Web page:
Data a a targeting mechanism for marketing and data as a product that soothes and helps are too different things.Good point.

        1. Matt A. Myers

          Both take into account context though too or at least are more valuable / useful when in context.

    2. fredwilson

      those signs have been a game changer. but as my friend Michael pointed out to me a few weekends ago, those signs should be at street level before you go down into the station, or at least before you swipe and get onto the platform. because it is possible that there are quicker options for short trips if the train is delayed (walking, citibike, etc)

      1. awaldstein

        Agree completely.As a marketer, I have huge amounts of data to plumb the market through, to target potential customers. So much data that my understanding is the currency of value.As an individual, I have the massive amounts of data to make myself as informed about everything. My opinion not the information itself is the currency of value.As an individual on the street, where all this digital data intersects with my very much analog self, its a hug gap. We are just getting started. I’m excited about a damn sign that says duh, the subway is coming. It’s like the Pleistocene era man discovering tools!

  8. kirklove

    Huh. Would have guessed 42nd Times Square would take the top spot. Curious what the actual numbers are and the difference btwn 1 and 2.

    1. jonathanjaeger

      Times Square has the top spot for overall traffic, but I guess according to the data from Alastair Coote pulled Union Square comes ahead during rush hour. Here’s what it is overall:

      1. kirklove

        Ahh, makes sense Times Square nearly doubled Union Square overall. Thanks.

    1. Matt A. Myers

      If I was home (in Toronto right now), I’d do a mockup and post it … anyone else with Illustrator or PS nearby? 🙂

    2. LE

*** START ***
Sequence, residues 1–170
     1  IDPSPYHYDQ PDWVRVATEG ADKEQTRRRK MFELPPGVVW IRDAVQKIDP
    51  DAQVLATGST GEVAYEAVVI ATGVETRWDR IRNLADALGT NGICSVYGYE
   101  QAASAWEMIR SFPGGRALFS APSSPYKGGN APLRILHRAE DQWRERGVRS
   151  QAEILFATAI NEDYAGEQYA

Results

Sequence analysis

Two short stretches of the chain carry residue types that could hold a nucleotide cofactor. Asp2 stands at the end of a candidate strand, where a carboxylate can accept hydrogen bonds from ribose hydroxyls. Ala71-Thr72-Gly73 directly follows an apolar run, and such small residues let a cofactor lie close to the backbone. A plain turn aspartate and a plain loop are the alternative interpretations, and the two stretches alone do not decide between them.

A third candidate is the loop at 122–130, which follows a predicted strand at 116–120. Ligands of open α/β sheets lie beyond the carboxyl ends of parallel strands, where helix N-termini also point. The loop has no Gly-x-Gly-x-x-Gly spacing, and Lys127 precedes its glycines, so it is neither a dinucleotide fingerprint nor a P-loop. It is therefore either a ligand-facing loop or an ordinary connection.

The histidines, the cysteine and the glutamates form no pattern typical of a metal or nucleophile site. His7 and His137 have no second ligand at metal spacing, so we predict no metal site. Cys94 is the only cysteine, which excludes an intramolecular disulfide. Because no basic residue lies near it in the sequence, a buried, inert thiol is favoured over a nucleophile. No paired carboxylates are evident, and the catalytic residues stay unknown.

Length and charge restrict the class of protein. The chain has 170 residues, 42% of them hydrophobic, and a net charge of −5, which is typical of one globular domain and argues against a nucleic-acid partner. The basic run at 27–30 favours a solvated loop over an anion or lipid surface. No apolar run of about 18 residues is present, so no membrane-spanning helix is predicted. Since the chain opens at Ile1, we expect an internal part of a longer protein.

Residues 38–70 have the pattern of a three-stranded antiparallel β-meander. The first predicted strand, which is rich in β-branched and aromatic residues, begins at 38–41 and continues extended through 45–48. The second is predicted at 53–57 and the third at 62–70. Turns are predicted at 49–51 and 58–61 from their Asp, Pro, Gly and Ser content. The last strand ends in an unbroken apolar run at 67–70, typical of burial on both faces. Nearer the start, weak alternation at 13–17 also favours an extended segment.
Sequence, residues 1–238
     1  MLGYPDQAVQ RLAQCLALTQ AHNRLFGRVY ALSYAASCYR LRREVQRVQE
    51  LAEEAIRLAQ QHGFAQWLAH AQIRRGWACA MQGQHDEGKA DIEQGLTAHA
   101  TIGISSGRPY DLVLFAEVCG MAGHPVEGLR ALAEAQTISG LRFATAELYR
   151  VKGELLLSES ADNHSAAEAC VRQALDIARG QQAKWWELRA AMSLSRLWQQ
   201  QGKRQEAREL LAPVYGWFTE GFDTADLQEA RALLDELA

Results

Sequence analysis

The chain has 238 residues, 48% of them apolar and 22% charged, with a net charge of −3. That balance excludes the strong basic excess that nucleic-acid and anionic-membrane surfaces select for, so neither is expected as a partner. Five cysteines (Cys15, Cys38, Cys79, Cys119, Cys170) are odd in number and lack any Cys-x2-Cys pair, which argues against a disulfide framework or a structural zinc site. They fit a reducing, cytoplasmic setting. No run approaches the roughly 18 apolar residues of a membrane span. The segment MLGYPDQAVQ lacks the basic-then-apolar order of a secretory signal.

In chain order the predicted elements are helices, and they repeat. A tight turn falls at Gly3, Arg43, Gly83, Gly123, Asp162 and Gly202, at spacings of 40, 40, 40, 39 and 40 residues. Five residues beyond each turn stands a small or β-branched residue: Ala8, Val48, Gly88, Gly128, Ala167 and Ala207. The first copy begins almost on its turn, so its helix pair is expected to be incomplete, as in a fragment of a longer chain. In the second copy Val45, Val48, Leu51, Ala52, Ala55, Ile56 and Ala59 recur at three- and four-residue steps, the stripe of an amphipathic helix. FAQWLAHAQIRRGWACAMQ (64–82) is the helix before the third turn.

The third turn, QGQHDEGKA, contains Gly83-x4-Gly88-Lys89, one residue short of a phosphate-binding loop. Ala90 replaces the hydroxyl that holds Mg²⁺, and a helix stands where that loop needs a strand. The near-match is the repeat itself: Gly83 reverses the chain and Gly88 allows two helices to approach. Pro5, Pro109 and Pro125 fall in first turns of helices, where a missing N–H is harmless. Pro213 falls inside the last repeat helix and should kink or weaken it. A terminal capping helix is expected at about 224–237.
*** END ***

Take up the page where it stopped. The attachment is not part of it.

That’s a nice idea. I came from a background where the pantone books were lying around like paper cups and you had to replace them because the “faded” over time. Although I would say it’s not something that Fred is going to take the time to do.As a side note doing things like that make a great story line to show the extent that a company or founder thinks about details and understands marketing. [1] Which you can debate is good or bad depending on your perspective on it. Reminded of the story of Steve Jobs and the factory machine colors, although if you can’t see the value in what he is saying here you probably need to have someone else better qualified in marketing. At least if marketing is important to your business.Here’s a Jobsian that I can relate to:He insisted that the machinery on the 165-foot assembly line be configured to move the circuit boards from right to left as they got built, so that the process would look better to visitors who watched from the viewing gallery.”Back in 2001 I had managed to work myself in with some local reporters about doing a story on domains. The story wasn’t about me, but I was a source and came up with some sound bites for them and interesting facts that I knew they would go for. This was after spending about a year simply feeding them unsolicited info about a fairly new subject (domains) they knew nothing about. They asked some questions over the phone, and then said they wanted to send a photographer to take some pictures of what I did or something like that. Knowing a bit about publicity, photography, newspapers and marketing I spent the entire evening before the set day rearranging my desk so that the three monitors that I used could be positioned in a way that looked good in photos. Previously they weren’t all setup in a way that you could capture 3 in one shoot. I also cleaned the desk and made everything perfect. And got some interesting things on each screen. I didn’t just say “oh ok when is that guy getting here to take the pictures?”.The photographer arrived and took the ladder (I had it waiting for him to give the right perspectives I had blocked out) and he snapped away. I got a call that they liked the photos so much it was going to be the lead photo on the business page of the local paper. They were then able to syndicate the story and it appeared in probably 20 papers around the country over the next 4 weeks or so. I would know when it hit an area because all the sudden orders came in from the new city. That business paid off for years in renewals and residuals. Many of those customers are still around today. In some cases the story was really short but the photo with my name and company was on a magazine section cover.This wasn’t the first time I did this. When I had gotten publicity at a prior company I mocked up a fake book cover as a prop knowing that would be important to the story. That one ended up in the local paper, the Wall Street Journal (not the prop but the story) the local TV station and other major media across the country.Like this:Local Paper (because of photo) -> local news station -> WSJ -> all other media who follow the Journal. Without the mockup that created the photo the rest would not have happened most likely.Bottom line: Details matter in everyday business. Maybe internet hockey sticks are the exception (because it’s more like catching the things that go flying by) but the little things truly do make a difference in the 99.9% of other businesses out there.